Showing posts with label solar energy. Show all posts
Showing posts with label solar energy. Show all posts

Friday, February 17, 2012

Concentrated Solar Power: World Distribution Map

CSN Editor: Click here for an expanded view of the above image.

UN Plans Solar Energy For Africa

UN Plans Solar Energy For 33 Million People In Africa, Asia -- M&C

New York - Low-cost solar panels and solar batteries will be provided to poor communities in 14 countries in Africa and Asia in the next four years, the UN Development Programme said Thursday.

A total of 33 million people in the 14 countries will be able to make use of solar energy for commercial businesses and economic development, using the solar panels to be developed by a Mauritius-based company called ToughStuff, UNDP said.

Read more ....

My Comment: Africa has the sun .... especially in the Sahara regions.

Friday, January 28, 2011

Marines In Afghanistan Are Getting Use To Using Solar Panels

Marines With ExFOB Marines and sailors of India Company, 3rd Battalion, 5th Marine Regiment pose with their Afghan national army counterparts in front of a solar power generator at Patrol Base Sparks, in Sangin District, Afghanistan. Photo by Gunnery Sgt. William Price/USMC

Marines in Afghanistan Find That Solar Panels Save Soldiers' Lives -- Popular Science

A battalion of Marines in Afghanistan is going green, using solar panels to reduce their energy consumption and thereby reduce the things they carry — and even save lives.

The Marines and sailors of 3rd Battalion, 5th Marine Regiment arrived last October at Forward Operating Base Jackson, outside Sangin, Afghanistan, with an array of solar equipment. The battalion’s generators typically use more than 20 gallons of fuel a day, but the Marines have cut that to 2.5 gallons a day, according to Staff Sgt. David Doty, who maintains the gear.

Read more ....

My Comment: I just hope that they do not get cloudy days for a long period of time.

Thursday, September 2, 2010

Where Are The Solar Power Projects?

Electric towers and power lines cross the proposed site of a BrightSource Energy solar plant near Primm, Nev. The presence of existing towers make the area a prime site for solar development.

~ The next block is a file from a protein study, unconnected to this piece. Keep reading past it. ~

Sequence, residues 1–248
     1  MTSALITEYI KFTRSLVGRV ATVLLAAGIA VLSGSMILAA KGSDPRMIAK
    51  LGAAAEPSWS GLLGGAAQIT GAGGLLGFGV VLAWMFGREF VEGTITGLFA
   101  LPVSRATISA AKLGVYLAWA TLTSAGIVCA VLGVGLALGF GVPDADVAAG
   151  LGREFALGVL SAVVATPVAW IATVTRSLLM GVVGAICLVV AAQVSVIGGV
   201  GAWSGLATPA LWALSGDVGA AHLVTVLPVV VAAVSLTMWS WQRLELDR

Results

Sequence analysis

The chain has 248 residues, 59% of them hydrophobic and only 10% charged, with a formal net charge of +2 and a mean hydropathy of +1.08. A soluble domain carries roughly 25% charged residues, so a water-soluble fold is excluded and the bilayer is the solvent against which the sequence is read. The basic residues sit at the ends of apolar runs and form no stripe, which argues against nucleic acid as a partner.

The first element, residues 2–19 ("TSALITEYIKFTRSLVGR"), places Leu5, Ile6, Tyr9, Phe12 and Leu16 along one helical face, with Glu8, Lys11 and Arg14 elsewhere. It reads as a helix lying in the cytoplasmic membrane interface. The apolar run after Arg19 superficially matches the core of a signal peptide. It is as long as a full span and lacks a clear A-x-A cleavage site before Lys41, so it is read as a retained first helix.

From Watts Up With That?:

From the Ventura County Star:

ROACH DRY LAKE, Nev. — Not a light bulb’s worth of solar electricity has been produced on the millions of acres of public desert set aside for it. Not one project to build glimmering solar farms has even broken ground.

Instead, five years after federal land managers opened up stretches of the Southwest to developers, vast tracts still sit idle.

Read more ....

My Comment: A blunt and accurate assessment on the politics behind solar power.

Tuesday, April 13, 2010

Inexpensive Highly Efficient Solar Cells Possible

Researchers have come up with solutions for two problems that, for the last twenty years, have been hampering the development of efficient and affordable solar cells. (Credit: iStockphoto/Kyu Oh)

From Science Daily:

ScienceDaily (Apr. 12, 2010) — Thanks to two technologies developed by Professor Benoît Marsan and his team at the Université du Québec à Montréal (UQAM) Chemistry Department, the scientific and commercial future of solar cells could be totally transformed. Professor Marsan has come up with solutions for two problems that, for the last twenty years, have been hampering the development of efficient and affordable solar cells.

Read more ....

Wednesday, December 23, 2009

Glitter-Sized Solar Photovoltaics Could Revolutionize the Way Solar Energy Is Collected and Used

Representative thin crystalline-silicon photovoltaic cells -- these are from 14 to 20 micrometers thick and 0.25 to 1 millimeter across. (Credit: Image by Murat Okandan)

From Science Daily:

Science Daily (Dec. 23, 2009) — Sandia National Laboratories scientists have developed tiny glitter-sized photovoltaic cells that could revolutionize the way solar energy is collected and used.

The tiny cells could turn a person into a walking solar battery charger if they were fastened to flexible substrates molded around unusual shapes, such as clothing.

Read more ....

Saturday, October 24, 2009

Solar Power Cost Decline Steeper

From Future Pundit:

The cost of solar panels dropped almost in half in the last year in Germany.

In the last year — solar panel prices dropped to $2.10 a watt from about $4.10 in Germany — and only about half the global manufacturing capacity is being used, said Steve O'Rouke, an analyst with Deutsche Bank.

"We've seen an awful lot of angst and difficulty," O'Rouke said. "You have to expect some companies to go out of business."

Deutsche Bank is forecasting a structural over-supply in the market until at least 2011.

Read more ....

Friday, October 2, 2009

Students Build The Solar Homes Of The Future

From Popular Mechanics:

For the Solar Decathlon, 20 teams of college students strive to build the most technologically savvy sun-powered house. For two weeks in October their homes go head to head in a contest to consume the least energy.

On a hot and bright California day, the red steel frame of a half-built house, its footprint a jagged stamp on the landscape, glints in the sunshine beaming down on Santa Clara University. Crawling around the crescent-shaped structure, workers holler measurements, fasten sheathing and snap chalk lines. They’re wearing hard hats and tool belts, and the noise of steel swatting plywood sounds unmistakably like a job site. But this is hardly a construction crew out of central casting.